Game Review: ‘Path Of Exile’

Felipe Cabrera

“Path of Exile” is a poor man’s “Diablo,” and I mean this in the best way possible. While most free-to-play titles ape popular franchises in order to bait players into a pay-to-win scheme, “Path of Exile” offers the quality of a retail indie title and adds some new twists in the way we play action-RPGs.

“Path of Exile” washes you ashore (quite literally) on the gothic fantasy world of “Wraeclast” that smells like “Diablo.” There is some kind of evil a foot, because evil does not do vacations. NPCs have names, are nicely voice acted, and give you quest which I believe are a part of some kind of story that makes up three acts. Point me to a gamer who claims they pay attention to the plot of an action-RPG and I will point you to a liar. The story establishes the bleak, gothic atmosphere, and that is where it runs out of relevancy points. The game could have been called Path of Pinata set in a fantastical Mexican fiesta; none of this matters when you are slaying enemies, gorging on loot and allocating skill points.

There are seven classes to choose from who embody the three attributes: strength, dexterity and intelligence. The Marauder plays the strength role, the Ranger plays dexterity and the Witch plays intelligence. Then there is the Duelist who mixes strength and dexterity, the Templar who mixes strength and intelligence and the Shadow who mixes dexterity and intelligence. The Scion is a blend between all three attributes and is unlocked after beating the game.

Have I mentioned I can not believe this is not Diablo? All the staples are there; holy blue town portals, transparent map, slaughtering zombies and heretics by the masses, it is all accounted for. The crucial differences presented itself the first time I leveled up my Ranger, and it is in the skill system.

Instead of receiving a skill point to plug into a skill tree, you are met with a massive sphere grid called the Passive Skill Tree that every class shares. Every class is located based on their home attribute. You can keep it simple and stay within the bounds of your grid. I wanted my Ranger to be proficient with bows, so I followed the path that increased her accuracy and bow damage.

Eventually you will meet a Keystone that grants you a massive stat bonus and a special passive ability to complement your play style. But say I want to my Ranger to have a magic touch. I can choose to crawl up the tree towards the Witch’s sphere and gobble up intelligence bonuses. The level of customization has depth I have never seen in an action-rpg before. The possibility for unique and creative builds are endless.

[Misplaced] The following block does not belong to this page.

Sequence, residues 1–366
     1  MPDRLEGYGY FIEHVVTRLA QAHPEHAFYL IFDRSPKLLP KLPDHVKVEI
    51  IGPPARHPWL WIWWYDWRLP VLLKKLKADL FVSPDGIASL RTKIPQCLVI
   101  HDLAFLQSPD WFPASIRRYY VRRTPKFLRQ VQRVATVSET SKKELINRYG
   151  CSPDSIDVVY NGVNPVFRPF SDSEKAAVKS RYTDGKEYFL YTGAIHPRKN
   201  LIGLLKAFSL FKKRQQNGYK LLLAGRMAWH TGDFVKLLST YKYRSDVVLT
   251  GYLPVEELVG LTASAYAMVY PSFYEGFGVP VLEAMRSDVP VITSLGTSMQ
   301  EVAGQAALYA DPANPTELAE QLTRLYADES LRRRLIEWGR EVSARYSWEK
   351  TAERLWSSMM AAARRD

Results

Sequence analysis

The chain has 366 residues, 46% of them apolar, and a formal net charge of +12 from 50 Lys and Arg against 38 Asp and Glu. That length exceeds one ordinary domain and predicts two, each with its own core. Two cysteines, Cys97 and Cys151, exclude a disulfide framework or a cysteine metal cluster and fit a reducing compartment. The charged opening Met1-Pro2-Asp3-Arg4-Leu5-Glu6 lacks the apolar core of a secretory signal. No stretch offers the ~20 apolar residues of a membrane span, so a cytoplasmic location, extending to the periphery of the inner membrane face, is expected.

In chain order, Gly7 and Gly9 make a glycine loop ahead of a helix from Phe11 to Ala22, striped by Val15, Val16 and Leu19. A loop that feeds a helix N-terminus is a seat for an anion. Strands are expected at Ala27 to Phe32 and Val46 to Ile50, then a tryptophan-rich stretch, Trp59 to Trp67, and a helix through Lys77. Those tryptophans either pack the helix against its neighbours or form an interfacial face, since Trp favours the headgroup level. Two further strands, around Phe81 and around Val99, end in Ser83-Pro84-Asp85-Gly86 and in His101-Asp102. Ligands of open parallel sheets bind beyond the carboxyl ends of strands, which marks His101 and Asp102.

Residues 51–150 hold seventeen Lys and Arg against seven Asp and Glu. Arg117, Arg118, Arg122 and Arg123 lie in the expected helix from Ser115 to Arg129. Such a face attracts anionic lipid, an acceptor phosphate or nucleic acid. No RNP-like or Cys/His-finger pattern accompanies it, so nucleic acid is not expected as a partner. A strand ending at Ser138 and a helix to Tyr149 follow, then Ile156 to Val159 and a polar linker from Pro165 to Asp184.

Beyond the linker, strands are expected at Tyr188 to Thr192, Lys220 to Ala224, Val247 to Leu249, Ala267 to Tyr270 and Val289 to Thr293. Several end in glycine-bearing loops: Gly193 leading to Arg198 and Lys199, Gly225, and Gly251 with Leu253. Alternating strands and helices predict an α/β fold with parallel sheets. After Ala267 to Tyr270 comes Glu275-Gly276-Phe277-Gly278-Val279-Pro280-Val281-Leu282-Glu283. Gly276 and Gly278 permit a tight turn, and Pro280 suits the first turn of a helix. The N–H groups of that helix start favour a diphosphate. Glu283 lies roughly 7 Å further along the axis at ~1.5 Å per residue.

Active skills are handled with just as much creative flare. Skill Gems will grant you active skills when socketed into armor and weapons. You can only add Skill Gems to sockets of the same color. Red represents strength, green for dexterity and blue for intelligence. This creates a cool tactical dynamic. Not only are you looking for the best weapons and armor for your character, you are actively looking at the number of sockets they have and if you can use your Skill Gems with them. This is important because Skill Gems level up with use, so you will want to carry your best skills to your next armor set. The Skill Gem system also allows you to experiment with skills outside your class’s attribute, opening new options in your play style.

My Ranger uses a set of bow skills, like burning arrows or raining arrows for decent AoE — area of effect — damage to bring the pain. Since I also like to play solo (you can party up with other players in town hubs, but I do not bother), I picked up a blue Skill Gem that gives me the power to create zombie minions for the fodder while I hang back and rain hell upon my foes.

My only gripe is with the game’s trade based economy that abolishes gold as currency. If you want to buy a new sword you better make sure you have three scrolls of identify, 15 scrolls of wisdom, one town portal scroll and your first born child. Deciding on whether or not you should buy new armor that cost some whetstones that can simply upgrade the armor you already have forces you to think carefully about how you want to spend, I understand that. I am just the kind of guy who likes stacking up on town portals and identify scrolls. Also, I can not discern the value of any of these orbs and trinkets. Shopping should not have to be a guessing game.  

As far as general gameplay goes, it is about what you would expect from a “Diablo” style action-rpg. You find NPCs in town who give you quest that vary from finding something or killing something. You will run around clicking at monsters to death and picking up various loot. The towns act as hubs where players can shop, barter and party up for some good old questing. Multiple difficulties, as well as community events, will keep players making different characters and coming back for more. Hardcore mode’s permanent death system will keep the masochist entertained.  

Graphically the game holds up well for its modest specs, so anyone’s rig will hold up fine. There are plenty of great animations about. Zombies will crawl up from the mud, and arrows actually remain in your fleshy targets. Enemy designs and environmental designs hold up the dark fantasy atmosphere well, even though it is nothing you have not seen before in another franchise I will not mention again.

“Path of Exile” is one of the best free-to-play games out there now. Grinding Gears studios have been working on their passion project for seven years. Their devotion to creating unique experience in a genre they love is apparent. The tried and true action-rpg gameplay is addictive and the unique skill system is stellar. This game is absolutely free to download and play on Steam; there is no excuse not to check it out.